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More than a quadrillion tons of diamonds are under your feet, new study proposes

A staff member sorted diamonds at the new Diamond Trading Company Botswana in Gaborone.ALEXANDER JOE/AFP/GettyImages/File

More than a quadrillion tons of diamonds are lying in the earth beneath our feet, but we’re not going to be digging them up any time soon, according to new research from MIT and other universities.

The gems are in the upper mantle, about 90 to 150 miles below the earth’s surface, far deeper than any drill has ever reached.

“This shows that diamond is not perhaps this exotic mineral, but on the [geological] scale of things, it’s relatively common,” said Ulrich Faul, a research scientist from MIT’s Department of Earth, Atmospheric, and Planetary Sciences, who is the lead senior author of the study. “We can’t get at them, but still, there is much more diamond there than we have ever thought before.”

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The deepest hole that has ever been drilled is only 7 1/2 miles deep, he said.

The study was first published in June in the journal Geochemistry, Geophysics, Geosystems.

Researchers came to this conclusion after they found in global records over the past few decades a “glitch” in seismic wave activity. Seismic waves are the waves of energy that travel through earth that come from earthquakes, tsunamis, explosions, or other ground-shaking sources.

The waves have been found to travel at various speeds depending on the temperature, density, and composition of the rocks through which they travel.

Researchers noted that there were unusually fast speeds for seismic waves within the roots of cratons, the most stiff and stable pieces of the upper mantle.

The team generated a 3-D model of the way seismic waves travel through earth’s major cratons. Then they created virtual rocks made from different combinations of minerals to see how that would affect seismic wave velocities.

After several calculations, researchers found only one type of rock in their model that produced the velocities that matched the actual measurements.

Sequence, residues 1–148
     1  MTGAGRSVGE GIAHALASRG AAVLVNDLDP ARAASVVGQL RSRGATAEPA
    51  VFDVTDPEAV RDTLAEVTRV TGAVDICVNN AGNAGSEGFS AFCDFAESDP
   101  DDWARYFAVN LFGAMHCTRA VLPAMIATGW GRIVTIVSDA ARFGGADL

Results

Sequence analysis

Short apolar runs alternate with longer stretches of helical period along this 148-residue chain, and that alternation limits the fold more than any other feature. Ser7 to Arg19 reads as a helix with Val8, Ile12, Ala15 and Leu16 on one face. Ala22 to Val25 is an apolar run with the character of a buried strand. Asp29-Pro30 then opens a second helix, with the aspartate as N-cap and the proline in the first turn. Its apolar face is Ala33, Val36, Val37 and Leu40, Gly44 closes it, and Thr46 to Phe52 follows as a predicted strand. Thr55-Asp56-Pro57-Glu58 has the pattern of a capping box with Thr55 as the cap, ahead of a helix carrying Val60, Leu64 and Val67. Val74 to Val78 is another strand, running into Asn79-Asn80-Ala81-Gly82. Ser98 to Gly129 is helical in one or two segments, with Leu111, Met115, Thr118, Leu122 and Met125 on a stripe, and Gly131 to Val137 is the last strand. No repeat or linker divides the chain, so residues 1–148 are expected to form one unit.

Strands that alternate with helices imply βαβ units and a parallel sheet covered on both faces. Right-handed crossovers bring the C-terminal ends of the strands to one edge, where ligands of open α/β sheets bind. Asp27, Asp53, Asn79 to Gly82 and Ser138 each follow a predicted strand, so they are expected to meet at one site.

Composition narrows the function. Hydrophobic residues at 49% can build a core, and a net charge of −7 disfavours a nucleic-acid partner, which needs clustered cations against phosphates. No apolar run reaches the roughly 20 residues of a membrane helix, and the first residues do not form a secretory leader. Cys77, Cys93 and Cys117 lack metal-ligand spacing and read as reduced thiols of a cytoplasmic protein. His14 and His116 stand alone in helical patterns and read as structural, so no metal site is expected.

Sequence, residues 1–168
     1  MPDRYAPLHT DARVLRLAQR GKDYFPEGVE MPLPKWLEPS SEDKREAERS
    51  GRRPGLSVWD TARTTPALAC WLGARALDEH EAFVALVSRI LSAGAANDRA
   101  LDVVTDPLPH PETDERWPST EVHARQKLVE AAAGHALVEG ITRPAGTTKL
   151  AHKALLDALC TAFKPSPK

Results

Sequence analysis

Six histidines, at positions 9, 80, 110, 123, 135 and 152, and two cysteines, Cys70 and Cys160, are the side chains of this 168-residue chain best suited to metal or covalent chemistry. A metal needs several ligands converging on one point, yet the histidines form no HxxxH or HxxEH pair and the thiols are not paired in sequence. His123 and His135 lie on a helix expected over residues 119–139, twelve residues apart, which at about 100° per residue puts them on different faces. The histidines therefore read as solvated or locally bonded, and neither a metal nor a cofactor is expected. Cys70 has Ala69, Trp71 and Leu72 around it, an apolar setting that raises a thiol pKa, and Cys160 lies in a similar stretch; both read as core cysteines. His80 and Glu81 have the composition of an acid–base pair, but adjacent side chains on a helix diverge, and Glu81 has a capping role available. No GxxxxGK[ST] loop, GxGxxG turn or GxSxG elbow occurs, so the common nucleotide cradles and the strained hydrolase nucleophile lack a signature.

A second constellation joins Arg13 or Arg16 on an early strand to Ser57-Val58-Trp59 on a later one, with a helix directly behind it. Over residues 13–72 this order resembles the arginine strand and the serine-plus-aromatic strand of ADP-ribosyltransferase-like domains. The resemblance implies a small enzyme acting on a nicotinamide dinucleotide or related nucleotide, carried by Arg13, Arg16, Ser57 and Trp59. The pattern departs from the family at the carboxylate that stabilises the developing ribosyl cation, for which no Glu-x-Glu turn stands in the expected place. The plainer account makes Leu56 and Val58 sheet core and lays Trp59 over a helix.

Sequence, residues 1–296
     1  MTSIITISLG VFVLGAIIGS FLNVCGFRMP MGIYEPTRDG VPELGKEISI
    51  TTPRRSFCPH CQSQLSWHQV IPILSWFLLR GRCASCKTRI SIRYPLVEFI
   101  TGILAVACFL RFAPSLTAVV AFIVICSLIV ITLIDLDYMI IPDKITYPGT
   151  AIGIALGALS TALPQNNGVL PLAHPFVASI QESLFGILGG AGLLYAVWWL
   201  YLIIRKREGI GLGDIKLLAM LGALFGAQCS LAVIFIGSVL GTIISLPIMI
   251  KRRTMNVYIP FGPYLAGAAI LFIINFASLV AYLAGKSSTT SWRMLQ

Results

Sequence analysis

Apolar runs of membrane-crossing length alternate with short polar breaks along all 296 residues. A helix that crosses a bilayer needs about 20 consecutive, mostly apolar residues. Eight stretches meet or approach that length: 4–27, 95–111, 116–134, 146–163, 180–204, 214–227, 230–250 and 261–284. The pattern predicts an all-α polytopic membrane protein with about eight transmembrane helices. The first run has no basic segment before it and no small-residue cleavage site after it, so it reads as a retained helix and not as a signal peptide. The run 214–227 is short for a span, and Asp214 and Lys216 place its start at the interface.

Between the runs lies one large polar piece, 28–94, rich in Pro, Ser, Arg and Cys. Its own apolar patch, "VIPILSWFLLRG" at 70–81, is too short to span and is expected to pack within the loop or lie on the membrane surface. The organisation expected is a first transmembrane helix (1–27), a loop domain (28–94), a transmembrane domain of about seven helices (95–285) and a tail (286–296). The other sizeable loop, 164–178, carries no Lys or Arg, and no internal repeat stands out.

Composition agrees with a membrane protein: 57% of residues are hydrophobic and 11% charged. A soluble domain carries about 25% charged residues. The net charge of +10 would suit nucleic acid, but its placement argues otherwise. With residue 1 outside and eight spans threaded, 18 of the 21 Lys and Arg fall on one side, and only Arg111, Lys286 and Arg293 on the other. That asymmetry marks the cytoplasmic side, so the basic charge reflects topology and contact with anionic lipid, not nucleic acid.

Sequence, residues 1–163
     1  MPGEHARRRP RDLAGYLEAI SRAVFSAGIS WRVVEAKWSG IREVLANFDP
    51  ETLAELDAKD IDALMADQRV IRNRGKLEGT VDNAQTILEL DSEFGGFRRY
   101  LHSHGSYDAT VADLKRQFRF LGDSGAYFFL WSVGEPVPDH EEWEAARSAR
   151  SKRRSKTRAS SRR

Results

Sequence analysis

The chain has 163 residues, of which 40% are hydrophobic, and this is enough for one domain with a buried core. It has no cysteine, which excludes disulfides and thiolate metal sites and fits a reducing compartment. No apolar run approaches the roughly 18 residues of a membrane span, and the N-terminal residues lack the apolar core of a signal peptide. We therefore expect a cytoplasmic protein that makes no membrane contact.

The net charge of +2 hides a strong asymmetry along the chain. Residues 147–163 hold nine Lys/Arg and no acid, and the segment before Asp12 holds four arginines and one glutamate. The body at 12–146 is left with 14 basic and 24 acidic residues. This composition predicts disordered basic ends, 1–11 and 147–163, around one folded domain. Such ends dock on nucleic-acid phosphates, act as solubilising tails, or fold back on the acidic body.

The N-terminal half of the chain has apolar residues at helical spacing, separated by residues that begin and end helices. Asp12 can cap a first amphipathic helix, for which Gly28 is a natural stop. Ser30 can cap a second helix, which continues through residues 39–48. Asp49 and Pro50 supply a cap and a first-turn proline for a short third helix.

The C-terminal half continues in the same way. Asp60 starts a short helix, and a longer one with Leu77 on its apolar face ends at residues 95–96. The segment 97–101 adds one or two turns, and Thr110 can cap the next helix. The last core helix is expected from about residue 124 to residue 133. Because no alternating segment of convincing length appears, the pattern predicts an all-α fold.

This rock contained 1 to 2 percent diamond. That may sound like a small percentage, but it’s far greater than people previously thought.

“This scenario represents at least one thousand times more diamond than people had previously expected,” researchers said.

Researchers considered the total volume of rocks in the cratonic roots in the earth and calculated that a quadrillion tons of diamonds are scattered within the ancient rocks beneath our feet.

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The results were further supported by tests involving electromagnetic waves, and the density and carbon content of rocks, lead author Joshua M. Garber said. Diamond was the answer that made the most sense.

People have tested upper mantle rock before, said Garber, “but they have not seen as much diamonds as we were proposing.”

He said the diamonds might be on the microscopic level, which would account for the missing proof.

“There is hesitation in the community to accept this answer, but we have excluded every answer that was not diamond,” said Garber, a postdoctoral scholar at Pennsylvania State University.

The next step to confirm the study’s results is to wait for Nature to bring diamonds up from the mantle by volcanic eruptions, he said.


Katie Camero can be reached at katie.camero@globe.com. Follow her Twitter @camerokt_